Parkstrips offer up a low-risk way to try out waterwise plants. The perimeters are already defined by concrete around it and it’s a reasonably small area. Did you know that lawn planted within 1′ of concrete can take up to 5 times more water to keep green because of the increased heat? No wonder it’s so hard to keep parkstrips looking good here!
If you opt to go with plantings in the parkstrip, make sure to place stone or paver walk through areas where car doors would open for cars parked on the street or it can be difficult for guests. I would also recommend against brittle succulents than can be damaged by foot traffic and errant basketballs- both of which are inevitable!
Another alternative is to go with a simple ‘lawn’ look look Creeping Thyme. And I’ll apologize now for the picture quality above- it certainly doesn’t do the look justice! Go with one variety if you want a unified look or expand the palate to several cultivars with different foliage/ flowers to spice things up! Creeping Thyme can handle some abuse and can be walked on- though not as frequently as grass. Once established, no additional water is required! Woo!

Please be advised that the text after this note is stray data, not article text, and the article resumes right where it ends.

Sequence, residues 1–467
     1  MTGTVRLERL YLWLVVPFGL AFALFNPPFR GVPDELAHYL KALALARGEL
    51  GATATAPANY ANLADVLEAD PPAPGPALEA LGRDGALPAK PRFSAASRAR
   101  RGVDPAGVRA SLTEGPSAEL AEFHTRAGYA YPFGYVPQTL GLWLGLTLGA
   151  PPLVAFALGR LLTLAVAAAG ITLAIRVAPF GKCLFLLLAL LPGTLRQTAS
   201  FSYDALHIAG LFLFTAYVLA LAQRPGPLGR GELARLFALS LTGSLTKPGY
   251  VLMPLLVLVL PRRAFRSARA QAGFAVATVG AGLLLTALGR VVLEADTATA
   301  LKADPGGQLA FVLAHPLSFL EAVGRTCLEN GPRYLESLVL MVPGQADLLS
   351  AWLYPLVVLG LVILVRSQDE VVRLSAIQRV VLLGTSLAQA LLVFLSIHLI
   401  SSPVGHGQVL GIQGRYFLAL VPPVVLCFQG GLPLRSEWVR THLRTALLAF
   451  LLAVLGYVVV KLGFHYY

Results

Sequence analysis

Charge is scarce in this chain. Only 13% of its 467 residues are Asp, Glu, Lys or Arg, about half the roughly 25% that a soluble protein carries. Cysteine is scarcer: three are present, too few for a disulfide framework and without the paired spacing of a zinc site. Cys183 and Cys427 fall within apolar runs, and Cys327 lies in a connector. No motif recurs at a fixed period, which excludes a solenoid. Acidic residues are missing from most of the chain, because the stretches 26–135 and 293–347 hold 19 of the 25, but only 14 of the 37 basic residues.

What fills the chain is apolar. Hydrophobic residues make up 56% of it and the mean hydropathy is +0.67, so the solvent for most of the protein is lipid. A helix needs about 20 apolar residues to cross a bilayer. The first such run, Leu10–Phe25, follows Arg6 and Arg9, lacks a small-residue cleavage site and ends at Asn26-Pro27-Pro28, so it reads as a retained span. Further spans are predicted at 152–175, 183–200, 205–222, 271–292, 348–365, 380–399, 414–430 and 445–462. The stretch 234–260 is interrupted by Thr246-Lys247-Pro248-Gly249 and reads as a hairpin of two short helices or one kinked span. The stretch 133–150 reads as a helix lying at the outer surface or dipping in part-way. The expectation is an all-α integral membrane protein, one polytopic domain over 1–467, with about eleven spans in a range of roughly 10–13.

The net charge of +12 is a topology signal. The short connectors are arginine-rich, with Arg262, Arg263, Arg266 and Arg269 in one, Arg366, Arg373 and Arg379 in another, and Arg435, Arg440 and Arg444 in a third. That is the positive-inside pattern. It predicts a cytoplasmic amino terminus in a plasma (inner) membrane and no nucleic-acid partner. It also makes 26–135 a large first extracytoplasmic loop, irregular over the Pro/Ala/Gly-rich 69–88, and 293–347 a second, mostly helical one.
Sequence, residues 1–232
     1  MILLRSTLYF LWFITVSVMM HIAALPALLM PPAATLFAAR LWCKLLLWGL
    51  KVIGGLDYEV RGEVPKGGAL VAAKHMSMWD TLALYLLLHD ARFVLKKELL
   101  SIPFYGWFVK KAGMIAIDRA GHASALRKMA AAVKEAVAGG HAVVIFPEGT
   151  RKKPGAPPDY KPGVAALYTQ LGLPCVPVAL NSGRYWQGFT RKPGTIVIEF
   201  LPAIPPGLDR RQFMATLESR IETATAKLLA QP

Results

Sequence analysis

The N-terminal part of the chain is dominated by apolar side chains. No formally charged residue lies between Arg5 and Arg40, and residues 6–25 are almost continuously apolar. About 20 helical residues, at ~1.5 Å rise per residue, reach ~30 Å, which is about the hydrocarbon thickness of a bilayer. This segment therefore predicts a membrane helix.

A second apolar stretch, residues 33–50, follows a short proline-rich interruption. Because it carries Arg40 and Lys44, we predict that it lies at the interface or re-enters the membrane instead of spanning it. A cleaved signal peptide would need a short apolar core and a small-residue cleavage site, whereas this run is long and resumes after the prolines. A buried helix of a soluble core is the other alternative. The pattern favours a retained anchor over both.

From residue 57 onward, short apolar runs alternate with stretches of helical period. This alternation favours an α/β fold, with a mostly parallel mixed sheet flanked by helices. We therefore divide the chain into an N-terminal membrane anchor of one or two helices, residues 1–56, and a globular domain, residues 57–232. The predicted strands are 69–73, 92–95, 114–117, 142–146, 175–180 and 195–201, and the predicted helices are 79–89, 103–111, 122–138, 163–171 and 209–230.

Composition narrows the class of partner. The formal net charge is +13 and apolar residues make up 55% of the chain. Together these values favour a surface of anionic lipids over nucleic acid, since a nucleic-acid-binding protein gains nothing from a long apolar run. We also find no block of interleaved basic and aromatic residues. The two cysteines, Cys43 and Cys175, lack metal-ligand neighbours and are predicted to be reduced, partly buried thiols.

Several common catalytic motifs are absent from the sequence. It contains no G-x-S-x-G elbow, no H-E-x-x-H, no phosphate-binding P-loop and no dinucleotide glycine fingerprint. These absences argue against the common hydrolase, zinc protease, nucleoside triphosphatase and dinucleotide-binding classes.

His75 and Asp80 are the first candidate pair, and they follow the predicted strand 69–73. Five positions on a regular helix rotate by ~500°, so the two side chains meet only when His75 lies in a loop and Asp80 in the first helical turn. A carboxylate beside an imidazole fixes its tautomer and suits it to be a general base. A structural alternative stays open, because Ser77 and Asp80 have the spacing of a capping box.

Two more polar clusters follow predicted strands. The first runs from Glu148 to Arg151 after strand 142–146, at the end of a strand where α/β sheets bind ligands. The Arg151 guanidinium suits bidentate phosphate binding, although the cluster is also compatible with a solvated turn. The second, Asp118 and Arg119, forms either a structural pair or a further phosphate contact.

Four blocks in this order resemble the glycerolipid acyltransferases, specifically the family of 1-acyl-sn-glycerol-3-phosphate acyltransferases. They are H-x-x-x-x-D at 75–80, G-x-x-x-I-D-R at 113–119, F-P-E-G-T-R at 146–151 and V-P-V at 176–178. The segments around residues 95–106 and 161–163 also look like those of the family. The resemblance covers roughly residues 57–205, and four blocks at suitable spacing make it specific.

However you plant the parkstrip, make sure plants stay less than 3 feet tall- or short enough for a seated driver to be able to see over the plants. This is a typical requirement in most municipalities and is in place to assure drivers can SEE potential danger before finding it (or a small child) the hard way.
My favorite look for parkstrips are a mix of low-maintenance waterwise perennials. I’ll do a separate post about them later as it will likely be a lengthy topic!